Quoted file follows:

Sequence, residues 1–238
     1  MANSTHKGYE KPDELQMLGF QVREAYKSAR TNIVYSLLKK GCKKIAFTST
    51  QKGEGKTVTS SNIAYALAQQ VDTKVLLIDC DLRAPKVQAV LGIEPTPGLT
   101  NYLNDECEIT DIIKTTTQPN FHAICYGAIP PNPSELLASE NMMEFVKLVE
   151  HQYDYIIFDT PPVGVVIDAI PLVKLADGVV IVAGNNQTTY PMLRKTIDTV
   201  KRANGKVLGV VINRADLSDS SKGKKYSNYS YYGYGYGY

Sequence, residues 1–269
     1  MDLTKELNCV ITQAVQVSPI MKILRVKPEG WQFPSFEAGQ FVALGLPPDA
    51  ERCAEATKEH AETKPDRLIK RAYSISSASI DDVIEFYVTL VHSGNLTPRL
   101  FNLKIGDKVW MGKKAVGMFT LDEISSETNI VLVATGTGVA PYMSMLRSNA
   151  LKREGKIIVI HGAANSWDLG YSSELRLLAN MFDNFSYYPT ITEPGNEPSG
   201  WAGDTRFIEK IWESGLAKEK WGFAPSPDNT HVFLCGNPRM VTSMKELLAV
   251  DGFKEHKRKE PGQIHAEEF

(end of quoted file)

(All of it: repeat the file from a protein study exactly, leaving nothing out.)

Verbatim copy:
Sequence, residues 1–238
     1  MANSTHKGYE KPDELQMLGF QVREAYKSAR TNIVYSLLKK GCKKIAFTST
    51  QKGEGKTVTS SNIAYALAQQ VDTKVLLIDC DLRAPKVQAV LGIEPTPGLT
   101  NYLNDECEIT DIIKTTTQPN FHAICYGAIP PNPSELLASE NMMEFVKLVE
   151  HQYDYIIFDT PPVGVVIDAI PLVKLADGVV IVAGNNQTTY PMLRKTIDTV
   201  KRANGKVLGV VINRADLSDS SKGKKYSNYS YYGYGYGY

Sequence, residues 1–269
     1  MDLTKELNCV ITQAVQVSPI MKILRVKPEG WQFPSFEAGQ FVALGLPPDA
    51  ERCAEATKEH AETKPDRLIK RAYSISSASI DDVIEFYVTL VHSGNLTPRL
   101  FNLKIGDKVW MGKKAVGMFT LDEISSETNI VLVATGTGVA PYMSMLRSNA
   151  LKREGKIIVI HGAANSWDLG YSSELRLLAN MFDNFSYYPT ITEPGNEPSG
   201  WAGDTRFIEK IWESGLAKEK WGFAPSPDNT HVFLCGNPRM VTSMKELLAV
   251  DGFKEHKRKE PGQIHAEEF